South Africa’s appetite for additional mine taxes might have diminished after last week’s ANC policy conference, AngloGold Ashanti chief executive Mark Cutifani said yesterday.
“It appears as though the appetite for a resource rent has dropped away,” he told a conference in Johannesburg.
“A resource rent tax at 50 percent of profit would wipe out those dividends” the industry generated, “and if you think we had an investment problem in the last three years, a resource rent tax would create a serious problem”.
A committee commissioned by the ANC to study nationalisation and other state interventions in the minerals sector proposed the windfall tax and said nationalisation would not be viable. The ANC Youth League had called for mines to be nationalised, saying it would create more jobs in the country.
Enoch Godongwana, the head of the ANC’s economic transformation committee, said on Friday that the party had not finalised discussion on what instruments to use to extract more revenue from mining companies.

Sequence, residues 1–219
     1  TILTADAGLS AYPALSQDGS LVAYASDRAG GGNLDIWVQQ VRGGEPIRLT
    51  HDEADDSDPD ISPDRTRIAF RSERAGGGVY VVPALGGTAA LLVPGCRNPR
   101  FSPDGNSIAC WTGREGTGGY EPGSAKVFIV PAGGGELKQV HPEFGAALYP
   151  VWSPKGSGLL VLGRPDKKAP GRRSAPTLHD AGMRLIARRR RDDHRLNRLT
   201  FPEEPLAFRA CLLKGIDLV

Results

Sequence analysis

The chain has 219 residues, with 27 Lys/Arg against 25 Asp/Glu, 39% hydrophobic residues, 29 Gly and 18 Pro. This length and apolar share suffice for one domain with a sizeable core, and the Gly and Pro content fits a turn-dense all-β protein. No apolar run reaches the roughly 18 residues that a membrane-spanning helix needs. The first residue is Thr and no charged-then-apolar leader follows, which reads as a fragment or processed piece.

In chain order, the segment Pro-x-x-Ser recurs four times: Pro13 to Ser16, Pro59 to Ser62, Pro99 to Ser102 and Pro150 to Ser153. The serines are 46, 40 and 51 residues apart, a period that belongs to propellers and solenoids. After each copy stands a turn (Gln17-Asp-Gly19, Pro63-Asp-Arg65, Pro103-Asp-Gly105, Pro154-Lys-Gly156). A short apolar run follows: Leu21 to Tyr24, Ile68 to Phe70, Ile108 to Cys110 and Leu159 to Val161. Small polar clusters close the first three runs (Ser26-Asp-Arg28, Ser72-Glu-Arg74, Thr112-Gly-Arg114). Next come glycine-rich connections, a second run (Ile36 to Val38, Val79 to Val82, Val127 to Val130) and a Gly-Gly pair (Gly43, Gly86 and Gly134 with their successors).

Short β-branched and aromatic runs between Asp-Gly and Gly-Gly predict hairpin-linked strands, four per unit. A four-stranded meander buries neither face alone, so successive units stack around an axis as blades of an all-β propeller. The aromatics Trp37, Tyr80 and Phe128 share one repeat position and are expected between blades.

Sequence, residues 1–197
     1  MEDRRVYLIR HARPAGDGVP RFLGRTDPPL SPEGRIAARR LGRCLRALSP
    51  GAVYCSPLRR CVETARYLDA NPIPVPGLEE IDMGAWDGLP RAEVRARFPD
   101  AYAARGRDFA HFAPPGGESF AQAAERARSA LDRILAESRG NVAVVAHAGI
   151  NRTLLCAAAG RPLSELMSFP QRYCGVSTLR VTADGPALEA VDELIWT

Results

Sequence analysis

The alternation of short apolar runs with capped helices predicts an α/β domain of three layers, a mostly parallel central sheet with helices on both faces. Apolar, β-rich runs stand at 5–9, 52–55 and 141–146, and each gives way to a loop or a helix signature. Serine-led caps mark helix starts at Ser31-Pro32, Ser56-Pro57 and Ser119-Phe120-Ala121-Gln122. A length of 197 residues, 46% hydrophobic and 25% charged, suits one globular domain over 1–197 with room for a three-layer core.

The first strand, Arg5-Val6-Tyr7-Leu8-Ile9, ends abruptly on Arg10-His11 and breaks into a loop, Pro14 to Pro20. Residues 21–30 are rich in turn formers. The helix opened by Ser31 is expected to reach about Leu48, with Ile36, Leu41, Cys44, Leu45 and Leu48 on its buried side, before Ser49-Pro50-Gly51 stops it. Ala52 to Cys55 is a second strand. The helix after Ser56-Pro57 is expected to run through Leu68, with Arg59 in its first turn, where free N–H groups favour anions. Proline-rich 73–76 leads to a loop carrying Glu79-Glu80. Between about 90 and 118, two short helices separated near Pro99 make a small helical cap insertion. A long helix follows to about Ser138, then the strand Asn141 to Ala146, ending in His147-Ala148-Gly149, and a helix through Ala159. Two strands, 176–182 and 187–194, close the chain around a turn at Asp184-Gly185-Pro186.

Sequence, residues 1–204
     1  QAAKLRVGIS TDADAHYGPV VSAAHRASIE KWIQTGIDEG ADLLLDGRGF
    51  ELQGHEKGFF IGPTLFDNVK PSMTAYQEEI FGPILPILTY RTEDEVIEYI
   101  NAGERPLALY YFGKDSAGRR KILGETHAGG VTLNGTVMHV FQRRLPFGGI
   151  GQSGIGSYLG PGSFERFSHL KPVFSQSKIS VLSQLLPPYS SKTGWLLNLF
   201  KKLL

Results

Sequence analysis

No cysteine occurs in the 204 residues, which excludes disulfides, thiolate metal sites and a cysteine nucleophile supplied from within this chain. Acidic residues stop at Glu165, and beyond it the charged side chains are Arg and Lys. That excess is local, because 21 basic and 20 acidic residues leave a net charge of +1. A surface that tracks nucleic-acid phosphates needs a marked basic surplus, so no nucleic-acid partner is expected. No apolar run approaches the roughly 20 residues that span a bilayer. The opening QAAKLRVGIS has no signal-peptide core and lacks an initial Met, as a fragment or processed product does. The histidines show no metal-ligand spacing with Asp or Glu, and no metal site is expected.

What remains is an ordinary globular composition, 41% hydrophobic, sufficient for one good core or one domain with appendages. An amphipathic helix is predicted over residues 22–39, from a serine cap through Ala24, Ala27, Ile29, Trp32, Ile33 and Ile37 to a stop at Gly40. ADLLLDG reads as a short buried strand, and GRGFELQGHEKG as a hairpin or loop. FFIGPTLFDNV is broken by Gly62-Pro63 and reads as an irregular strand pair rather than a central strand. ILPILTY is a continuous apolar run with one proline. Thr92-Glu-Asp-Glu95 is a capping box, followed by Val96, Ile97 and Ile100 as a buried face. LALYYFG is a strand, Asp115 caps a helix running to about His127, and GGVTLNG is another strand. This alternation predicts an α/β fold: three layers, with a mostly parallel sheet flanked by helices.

“We have agreed that there is a need for a tax instrument, but we have not yet taken a final decision,” he said yesterday.
The ANC had also not yet decided on plans for strategic minerals because they were dynamic and changed depending on the needs of the country. “For example five years ago uranium was not a strategic mineral, but it has since become one, now that South Africa is embarking on a nuclear programme.”
Abiel Mngomezulu, a non-executive director of state-owned African Exploration Mining and Finance, told the conference that nationalisation was not “off the table”. It would remain there “until we solve the issues of the communities”.
The state should classify “revenue generators” including gold, platinum and diamonds, as strategic minerals, as well as ferrous commodities and energy minerals, he said.
Cutifani said AngloGold was not averse in principle to classifying strategic minerals that supplied a competitive advantage. But threats to tenure remained a concern. – Additional reporting by Dineo Faku